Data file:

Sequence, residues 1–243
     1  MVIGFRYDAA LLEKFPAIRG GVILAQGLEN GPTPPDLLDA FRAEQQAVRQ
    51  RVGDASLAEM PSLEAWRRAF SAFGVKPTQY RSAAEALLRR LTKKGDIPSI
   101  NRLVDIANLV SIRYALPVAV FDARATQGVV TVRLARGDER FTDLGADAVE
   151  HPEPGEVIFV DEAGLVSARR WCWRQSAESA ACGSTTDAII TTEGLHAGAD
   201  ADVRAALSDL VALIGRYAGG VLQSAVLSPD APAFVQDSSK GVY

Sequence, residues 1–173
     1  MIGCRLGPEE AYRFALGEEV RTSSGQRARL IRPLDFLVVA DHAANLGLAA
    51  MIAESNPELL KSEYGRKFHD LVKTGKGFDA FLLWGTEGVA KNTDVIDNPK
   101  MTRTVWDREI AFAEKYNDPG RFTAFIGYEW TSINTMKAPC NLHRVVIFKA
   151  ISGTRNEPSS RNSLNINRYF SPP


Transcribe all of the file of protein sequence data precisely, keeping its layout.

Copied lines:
Sequence, residues 1–243
     1  MVIGFRYDAA LLEKFPAIRG GVILAQGLEN GPTPPDLLDA FRAEQQAVRQ
    51  RVGDASLAEM PSLEAWRRAF SAFGVKPTQY RSAAEALLRR LTKKGDIPSI
   101  NRLVDIANLV SIRYALPVAV FDARATQGVV TVRLARGDER FTDLGADAVE
   151  HPEPGEVIFV DEAGLVSARR WCWRQSAESA ACGSTTDAII TTEGLHAGAD
   201  ADVRAALSDL VALIGRYAGG VLQSAVLSPD APAFVQDSSK GVY

Sequence, residues 1–173
     1  MIGCRLGPEE AYRFALGEEV RTSSGQRARL IRPLDFLVVA DHAANLGLAA
    51  MIAESNPELL KSEYGRKFHD LVKTGKGFDA FLLWGTEGVA KNTDVIDNPK
   101  MTRTVWDREI AFAEKYNDPG RFTAFIGYEW TSINTMKAPC NLHRVVIFKA
   151  ISGTRNEPSS RNSLNINRYF SPP